Jicamarca Radio Observatory, Peru / by Alastair Wiper

"I had never been to Peru before and knew no Spanish. None of us "Gringos" knew much Spanish" says Dr. Donald Farley, ionospheric physicist and alumnus of Cornell, who arrived at the Jicamarco Observatory in 1962. Having finished his PhD a couple of years before and carried out post-docs in Cambridge and Gothenburg, Farley was approached by the founder of the observatory, Dr. Ken Bowles, and asked if he wanted to join the operation in Peru. "I thought "why not" and off I went with my wife Jennie and two daughters Claire, almost 3, and Anne, about 6 weeks old. I was not the first arrival, but I was a very early arrival, and the first theorist. When I arrived the antenna was about half finished and I could watch it being finished, row by row marching towards my office window. There was definitely a feeling of excitement, and we were constantly confronting new problems. We were certainly pioneers."

"Jicamarca is the most important instrument in the world dedicated to the study of the equatorial ionosphere" says Dr. Marco Milla, the current director of the observatory. "Most of what is known in the scientific world about the upper atmosphere in the equatorial region is due to Jicamarca measurements." Situated in the foothills of the Andes, about an hour and a half from Lima, the main antenna at the Jicamarca Radio Observatory (JRO) is the largest incoherent scatter radar in the world, consisting of a 300m x 300m square array composed of 18,432 cross-polarized dipoles. Constructed between 1960-62, the location was chosen due to it's placement on the equator, proximity to the US, temperate year round climate and the surrounding hills which help to shield the antenna from radio signals coming in at low angles. The radar is used to study the ionosphere, a region of the upper atmosphere ranging from about 85km - 600km in altitude, where the molecules are ionized by solar radiation (meaning they acquire a negative or positive charge by gaining or losing electrons).

Victor Quesada Reyes, 56, from Sihuas. Radar operator, has worked at the observatory for 27 years.

Understanding what is going on in the ionosphere is practically important because changes in it's behavior can influence radio and satellite communications.  The radar can measure electron density, ion and electron temperatures, ion composition and plasma velocity, and is used to give scientists that understand what those things mean an insight into what is happening in the upper atmosphere. I'm getting a bit out of my depth here, so I'll let Dr. Farley continue: "At first we were just eager to measure the electron density profile (electron density vs altitude and time), but then we also developed ways to measure the electron and ion densities and temperatures (which were often different) and the electron drift velocities.  We also studied airglow of various lines (chemical reactions) and variations of the magnetic field (magnetic "storms" due to eruptions on the sun).  We also developed interferometric techniques for studying some of the the ionospheric dynamics in detail.  Another example is that we measured electron densities to altitudes above 5000 km." Besides studying the ionosphere, the telescope has also been used to study the sun, the planets and the surface of the moon.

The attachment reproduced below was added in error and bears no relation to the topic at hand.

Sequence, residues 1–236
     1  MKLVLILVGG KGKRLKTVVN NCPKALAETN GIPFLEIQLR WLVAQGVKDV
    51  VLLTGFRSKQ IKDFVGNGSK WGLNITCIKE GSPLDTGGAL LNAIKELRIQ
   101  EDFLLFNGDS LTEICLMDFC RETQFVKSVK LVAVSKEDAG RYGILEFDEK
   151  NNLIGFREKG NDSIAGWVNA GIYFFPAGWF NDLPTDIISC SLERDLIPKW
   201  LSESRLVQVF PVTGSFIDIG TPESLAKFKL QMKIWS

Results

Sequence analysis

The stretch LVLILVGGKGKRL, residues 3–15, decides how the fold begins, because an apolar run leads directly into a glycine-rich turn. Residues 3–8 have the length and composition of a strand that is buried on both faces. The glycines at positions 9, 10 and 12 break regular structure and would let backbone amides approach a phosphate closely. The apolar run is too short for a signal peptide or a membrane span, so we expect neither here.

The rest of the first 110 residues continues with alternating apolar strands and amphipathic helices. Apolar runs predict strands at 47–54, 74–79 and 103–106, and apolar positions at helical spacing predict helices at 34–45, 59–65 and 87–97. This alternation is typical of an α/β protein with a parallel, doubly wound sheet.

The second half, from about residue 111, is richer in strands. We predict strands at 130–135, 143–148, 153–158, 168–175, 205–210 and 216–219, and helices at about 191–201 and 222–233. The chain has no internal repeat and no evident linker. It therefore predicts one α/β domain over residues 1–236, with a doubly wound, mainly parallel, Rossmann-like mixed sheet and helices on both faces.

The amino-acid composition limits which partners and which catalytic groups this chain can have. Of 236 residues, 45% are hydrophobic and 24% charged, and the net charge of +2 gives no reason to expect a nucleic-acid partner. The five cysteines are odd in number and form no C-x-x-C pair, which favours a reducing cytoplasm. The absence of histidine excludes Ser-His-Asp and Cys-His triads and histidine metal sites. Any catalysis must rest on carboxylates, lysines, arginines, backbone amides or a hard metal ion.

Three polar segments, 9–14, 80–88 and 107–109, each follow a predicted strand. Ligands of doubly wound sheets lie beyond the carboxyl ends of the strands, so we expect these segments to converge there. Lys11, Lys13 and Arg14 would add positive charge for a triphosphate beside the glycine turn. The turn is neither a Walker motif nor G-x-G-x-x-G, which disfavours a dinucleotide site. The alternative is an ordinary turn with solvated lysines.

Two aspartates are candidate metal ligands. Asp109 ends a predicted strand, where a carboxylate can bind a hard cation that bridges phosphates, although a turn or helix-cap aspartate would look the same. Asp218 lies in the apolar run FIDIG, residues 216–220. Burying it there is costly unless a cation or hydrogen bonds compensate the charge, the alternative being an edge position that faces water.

Still with me? Good! If not, check out this amazing video from 1963 about building the observatory - even if you don't care about the observatory, it is an amazing example of early 60's kitsch science filmmaking.

Dr. Donald Farley stayed at JRO for 6 years, taking over as director after Dr. Bowles left, and lived through flash floods cutting the observatory off from the outside world, robbers being put down wells to stop them escaping, technicians getting electrocuted with 5000 volts, and a fire starting an hour before a total solar eclipse (something that only happens every couple of hundred years). "The antenna and buildings look pretty much the same as they did in the 1960s, although the antenna is not as shiny as it once was" he says. For many years Dr. Farley continued to visit the observatory every year to do new experiments, and his last visit was at the 50th anniversary reunion in 2012. "I may or may not make another visit, since I just had my 80th birthday a few months ago!  But I'm still pretty healthy, so who knows?"

See the website of the observatory for more info: http://jro.igp.gob.pe

Dr. Marco A. Milla, 39, from Lima. Director of the observatory, has worked there for 9 years.


Francisco M. Buendia, 63, from Cerro de Pasco. Network technical support, has worked at the observatory for 43 years.

Ramiro Yanque Robles, 42, form Lima. Head of Opearations Area, has worked at the observatory for 15 years.

Alexander Valdez Portocarrero, 24, from Lima. Project development (IDI), has worked at the observatory for 2 years.

Miguel Urco Cordero, 30, from Juaja. Hardware and software development, has worked at the observatory for 4 years.

Edson Ticona Zegarra, 25, from Arequipa. Works with the cluster for large processing. Has worked at the observatory for 4 months.

Fernando Villanueva Ruiz, 63, from Lima. Designer of electronic circuits, has worked at the observatory for 44 years.

Shermely Moyna, 26, from Cusco. Science communication, has worked at the observatory for 16 months.

Darwin Neil C´rodva Vivas, 45, from Lima. Electrical engineering, has worked at the observatory for 18 years.

Lee Felipe Meza Córdova, 22, from Lima. Technician, has worked at the observatory for 6 months.

Posted in